Cisco System’s advertising campaign is very well produced. In fact, the production is so good it hides the fact that the idea is weak. The implied strategy of Cisco’s “human network” effort is to showcase all the good that happens over the internet and take credit for it. As the Internet infrastructure market leader, Cisco has decided to put a human face on the Internet and reap its benefit. It’s there way of showing Cisco is not a “cold technology” company and that applications drive technology.
The problem with glorifying humans, their actions, ideas, and deeds in your advertising is that you don’t differentiate the product. You celebrate it but don’t differentiate it. Certainly this builds awareness, familiarity, and a degree of loyalty, but the real kernels of differentiation that bind consumers to you are lost. It doesn’t pass the “Why do you like Cisco so much?” test. Were a new hardware vendor to come along with a faster switch, many of Cisco’s fans would be happy to listen. This campaign is the equivalent of the old AT&T “reach out and touch someone” campaign, which was great monopoly advertising.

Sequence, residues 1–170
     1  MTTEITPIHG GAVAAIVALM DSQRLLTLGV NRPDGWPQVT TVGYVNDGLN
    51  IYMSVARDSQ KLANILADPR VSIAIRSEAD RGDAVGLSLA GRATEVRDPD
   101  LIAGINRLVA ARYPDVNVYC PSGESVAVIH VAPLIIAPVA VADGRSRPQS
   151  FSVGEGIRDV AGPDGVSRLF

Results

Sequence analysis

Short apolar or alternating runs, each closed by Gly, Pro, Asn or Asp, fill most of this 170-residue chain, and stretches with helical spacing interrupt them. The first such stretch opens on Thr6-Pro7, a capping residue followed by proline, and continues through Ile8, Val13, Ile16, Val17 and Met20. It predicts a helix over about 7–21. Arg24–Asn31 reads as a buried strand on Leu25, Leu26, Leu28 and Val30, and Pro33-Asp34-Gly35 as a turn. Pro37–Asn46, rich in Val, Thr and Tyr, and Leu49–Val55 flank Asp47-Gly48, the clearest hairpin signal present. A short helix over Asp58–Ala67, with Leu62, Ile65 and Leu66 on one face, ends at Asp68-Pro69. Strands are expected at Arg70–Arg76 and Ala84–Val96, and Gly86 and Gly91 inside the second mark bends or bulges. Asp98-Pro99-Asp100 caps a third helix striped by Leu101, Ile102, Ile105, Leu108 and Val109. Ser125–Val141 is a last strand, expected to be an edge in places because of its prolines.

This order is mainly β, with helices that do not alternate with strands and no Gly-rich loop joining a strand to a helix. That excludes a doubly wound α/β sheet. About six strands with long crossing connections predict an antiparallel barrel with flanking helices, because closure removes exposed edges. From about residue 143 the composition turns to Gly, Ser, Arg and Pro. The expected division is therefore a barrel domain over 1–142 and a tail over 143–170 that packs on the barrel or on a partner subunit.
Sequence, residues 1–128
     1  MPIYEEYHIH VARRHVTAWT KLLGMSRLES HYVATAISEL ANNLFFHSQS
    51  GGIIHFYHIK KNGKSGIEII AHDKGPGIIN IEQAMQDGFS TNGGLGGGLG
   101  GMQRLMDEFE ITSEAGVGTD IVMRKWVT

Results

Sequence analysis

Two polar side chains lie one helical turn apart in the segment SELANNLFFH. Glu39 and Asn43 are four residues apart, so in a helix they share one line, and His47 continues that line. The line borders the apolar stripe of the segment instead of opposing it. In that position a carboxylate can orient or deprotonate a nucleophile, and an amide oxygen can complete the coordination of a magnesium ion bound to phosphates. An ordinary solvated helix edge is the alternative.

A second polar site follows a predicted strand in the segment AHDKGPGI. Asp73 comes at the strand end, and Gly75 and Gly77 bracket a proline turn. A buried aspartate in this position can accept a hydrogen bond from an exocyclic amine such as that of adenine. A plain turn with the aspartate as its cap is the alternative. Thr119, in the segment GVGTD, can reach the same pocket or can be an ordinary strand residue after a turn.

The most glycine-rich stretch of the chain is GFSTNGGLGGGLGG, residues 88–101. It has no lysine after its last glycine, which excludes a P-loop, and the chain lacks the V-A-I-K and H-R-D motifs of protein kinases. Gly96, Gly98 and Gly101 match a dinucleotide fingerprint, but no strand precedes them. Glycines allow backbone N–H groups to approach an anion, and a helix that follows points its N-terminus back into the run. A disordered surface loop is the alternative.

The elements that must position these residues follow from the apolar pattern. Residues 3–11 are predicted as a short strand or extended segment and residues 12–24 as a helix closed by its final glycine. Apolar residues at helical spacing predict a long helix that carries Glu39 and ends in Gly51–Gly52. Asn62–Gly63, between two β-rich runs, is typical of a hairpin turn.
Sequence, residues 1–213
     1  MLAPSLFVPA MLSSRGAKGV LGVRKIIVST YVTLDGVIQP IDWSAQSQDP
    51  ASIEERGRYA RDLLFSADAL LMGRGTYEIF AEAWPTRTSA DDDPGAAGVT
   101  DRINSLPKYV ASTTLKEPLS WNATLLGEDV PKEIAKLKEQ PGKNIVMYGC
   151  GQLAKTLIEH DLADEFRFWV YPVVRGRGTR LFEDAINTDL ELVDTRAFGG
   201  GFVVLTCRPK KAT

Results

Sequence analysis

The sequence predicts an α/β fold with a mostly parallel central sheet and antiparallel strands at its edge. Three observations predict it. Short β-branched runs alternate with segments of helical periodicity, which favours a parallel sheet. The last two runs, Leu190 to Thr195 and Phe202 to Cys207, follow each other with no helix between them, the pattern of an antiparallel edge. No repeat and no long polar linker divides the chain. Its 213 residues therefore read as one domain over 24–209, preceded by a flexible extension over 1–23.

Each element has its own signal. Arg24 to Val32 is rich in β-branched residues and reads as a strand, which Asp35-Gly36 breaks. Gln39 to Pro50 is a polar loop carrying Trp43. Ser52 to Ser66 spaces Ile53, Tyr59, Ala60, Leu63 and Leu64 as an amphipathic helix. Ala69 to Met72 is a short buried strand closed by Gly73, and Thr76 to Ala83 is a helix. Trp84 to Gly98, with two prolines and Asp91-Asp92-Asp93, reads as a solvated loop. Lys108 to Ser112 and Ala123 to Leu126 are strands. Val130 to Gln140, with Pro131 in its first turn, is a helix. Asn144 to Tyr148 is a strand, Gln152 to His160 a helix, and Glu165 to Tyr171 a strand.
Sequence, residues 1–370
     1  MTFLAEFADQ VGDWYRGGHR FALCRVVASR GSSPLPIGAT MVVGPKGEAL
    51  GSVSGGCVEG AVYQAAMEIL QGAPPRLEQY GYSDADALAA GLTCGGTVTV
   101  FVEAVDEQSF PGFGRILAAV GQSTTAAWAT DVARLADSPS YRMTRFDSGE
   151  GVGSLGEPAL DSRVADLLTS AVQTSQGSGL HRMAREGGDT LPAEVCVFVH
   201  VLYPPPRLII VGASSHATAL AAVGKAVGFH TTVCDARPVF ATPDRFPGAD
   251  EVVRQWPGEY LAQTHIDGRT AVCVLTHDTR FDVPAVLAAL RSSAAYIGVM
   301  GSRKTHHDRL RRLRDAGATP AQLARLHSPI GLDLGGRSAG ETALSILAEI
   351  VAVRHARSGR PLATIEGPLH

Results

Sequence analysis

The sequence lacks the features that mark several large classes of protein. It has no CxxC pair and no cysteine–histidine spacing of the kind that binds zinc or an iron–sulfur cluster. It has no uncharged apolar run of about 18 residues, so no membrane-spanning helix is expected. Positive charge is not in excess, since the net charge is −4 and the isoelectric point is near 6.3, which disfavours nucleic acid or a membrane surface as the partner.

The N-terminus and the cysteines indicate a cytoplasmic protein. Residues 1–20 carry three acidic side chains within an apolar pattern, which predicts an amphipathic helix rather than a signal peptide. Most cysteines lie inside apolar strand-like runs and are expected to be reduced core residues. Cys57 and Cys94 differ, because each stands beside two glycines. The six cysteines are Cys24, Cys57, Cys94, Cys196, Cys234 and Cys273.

The human network is an idea. And it plays well in the media. But it is not a branding idea.